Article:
'The theater must always be a safe and special place. The cast of Hamilton was very rude last night to a very good man, Mike Pence. Apologize!'
So tweeted Donald J. Trump on 19 November 2016, eleven days after his election as the next President of the United States. This nugget of Trumpian outrage appeared after then Vice President-elect Mike Pence attended a performance of Hamilton: An American Musical, the wildly popular Broadway production about the life and times of the eponymous Founding Father.
During the curtain call, actor Brandon Victor Dixon addressed Pence directly. After welcoming him and making clear to the audience that there was 'nothing to boo here', Dixon made a short and polite appeal to the Vice President-elect. At the crux of this appeal - a group effort by the cast and creators - was the hope that '[the] show has inspired you to uphold our American values and to work on behalf of all of us. All of us.'
Not everyone was pleased with this turn of events. #BoycottHamilton sprung up on Twitter. An indignant Trump not only accused the cast of 'harass(ing)' his former running mate, but remarked that he had 'heard' that the sell-out show was 'highly overrated'. Pence, in the meantime, maintained that he was not offended by the speech, and said that he had reminded his children that the mix of boos and cheers from the audience were 'what freedom sounds like'. He also said that he would 'leave to others [to decide] whether that was the appropriate venue'.
Trump is by no means the first person to respond with annoyance when an artistic type has spoken out about politics. Shortly after Benedict Cumberbatch made his first of many impassioned appeals to theatre-goers to donate to Save the Children, during which he criticised the government's handling of the refugee crisis, the Daily Mail called his speech a 'four-letter rant', while journalist Michael Buerk condemned 'feather-bedded thesps [who] pay flying visits to the desperate to parade their bleeding hearts'. When Game of Thrones actor Sophie Turner tweeted about Trump, responses included 'stick to acting sweetheart', 'explains why you're an actress and not a politician', and 'You should just stick to acting, and keep your pretty nose out of politics and things that out of your area of expertise. Not smart'. The recurring message: stay in your lane. We don't follow you for politics. Don't talk about things you don't understand.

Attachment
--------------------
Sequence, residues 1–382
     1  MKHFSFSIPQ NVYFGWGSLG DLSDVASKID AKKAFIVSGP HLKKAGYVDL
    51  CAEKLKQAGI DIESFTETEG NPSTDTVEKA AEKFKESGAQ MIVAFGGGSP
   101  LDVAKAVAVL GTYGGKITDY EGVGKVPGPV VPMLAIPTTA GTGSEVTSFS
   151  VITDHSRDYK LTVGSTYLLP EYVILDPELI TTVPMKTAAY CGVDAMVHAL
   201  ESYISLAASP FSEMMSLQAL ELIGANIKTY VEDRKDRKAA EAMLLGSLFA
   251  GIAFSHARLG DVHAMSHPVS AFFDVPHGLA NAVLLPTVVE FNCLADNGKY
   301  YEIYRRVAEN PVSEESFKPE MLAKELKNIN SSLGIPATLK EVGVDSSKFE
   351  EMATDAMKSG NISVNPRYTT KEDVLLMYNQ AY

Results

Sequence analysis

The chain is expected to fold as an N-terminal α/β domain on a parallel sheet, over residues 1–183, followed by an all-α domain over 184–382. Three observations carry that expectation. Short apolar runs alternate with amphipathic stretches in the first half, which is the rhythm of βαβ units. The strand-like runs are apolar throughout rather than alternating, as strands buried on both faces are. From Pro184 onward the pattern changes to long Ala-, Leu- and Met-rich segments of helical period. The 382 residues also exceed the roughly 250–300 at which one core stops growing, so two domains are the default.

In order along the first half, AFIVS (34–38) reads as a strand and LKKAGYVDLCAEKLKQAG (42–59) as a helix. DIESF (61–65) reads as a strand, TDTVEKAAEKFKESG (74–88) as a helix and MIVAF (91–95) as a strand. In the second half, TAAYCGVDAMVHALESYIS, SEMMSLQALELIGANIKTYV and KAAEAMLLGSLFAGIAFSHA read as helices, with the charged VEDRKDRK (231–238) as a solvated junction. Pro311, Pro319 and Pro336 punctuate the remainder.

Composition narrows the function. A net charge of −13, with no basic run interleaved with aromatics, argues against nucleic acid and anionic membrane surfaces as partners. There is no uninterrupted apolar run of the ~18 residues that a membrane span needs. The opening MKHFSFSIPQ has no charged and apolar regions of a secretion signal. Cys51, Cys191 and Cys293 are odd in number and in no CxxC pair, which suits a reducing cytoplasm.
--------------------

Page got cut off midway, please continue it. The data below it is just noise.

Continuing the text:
The Hamilton controversy is also not the only occasion on which Trump has personally described someone's creative output as 'overrated'; he called Meryl Streep 'one of the most over-rated actresses in Hollywood' following her speech at the 2017 Golden Globes. That's at least twice that an incensed Trump has attacked the art in response to the actions of the artist.
Two questions arise from this. First: is there any chance that Trump has a point? Should a venue like the theatre, where people have paid to be transported and entertained, be a 'safe and special place' where we can hide from politics? Is a place designed for the performance of art ever an 'appropriate venue' for opinions, or must it be a hall of pure escapism?
Let's look first to history for answers. When I visited Prague last year, my tour guide took me off the beaten track to a graffiti-covered wall near the Charles Bridge. Known as the John Lennon Wall, it became a thorn in the side of the Communist regime of Gustáv Husák, who later resigned after the Velvet Revolution of 1989. After Lennon was killed, his portrait appeared on a wall in the district of Malá Strana, accompanied by messages of pacifism and liberty. Each time the paint was hidden, it returned. The artists were decried as dangerous allies of Western capitalism. Overlapping layers of hope and defiance smother the John Lennon Wall to this day, a luminous rainbow in the heart of the Czech capital.
The John Lennon Wall is one of thousands of examples of the age-old ties between art, revolution, and politics. When dictators rise to power, they have historically taken steps to suppress the creation and distribution of art and supplant it with state-controlled propaganda. The Nazis created the phrase Entartete Kunst ('degenerate art') to describe modern art that did not uphold their twisted vision of the world. They burned thousands of books and arrested those whose self-expression they deemed a threat. Tyrants understand that whoever controls the ink and paint can colour the lens through which their people see the world. Even in functioning democracies, art is vulnerable to moral policing. In Britain, government censorship of the theatre under the Lord Chamberlain only ended in 1968. I could name thousands of examples.
So art can be used and abused for political means. We know that, I hear you say - but when you pay hard-earned money for art, nobody has the right to shove their unsolicited opinions down your throat with it. Can't you have a night off politics?
Not everyone can afford to have a night off politics, of course - but to answer your question, it might depend what you mean by politics in this context. One of the definitions of the word is 'the complex or aggregate of relationships of people in society, especially those relationships involving authority or power.' And a hell of a lot of art - perhaps all art - can be said to be about relationships between people in society.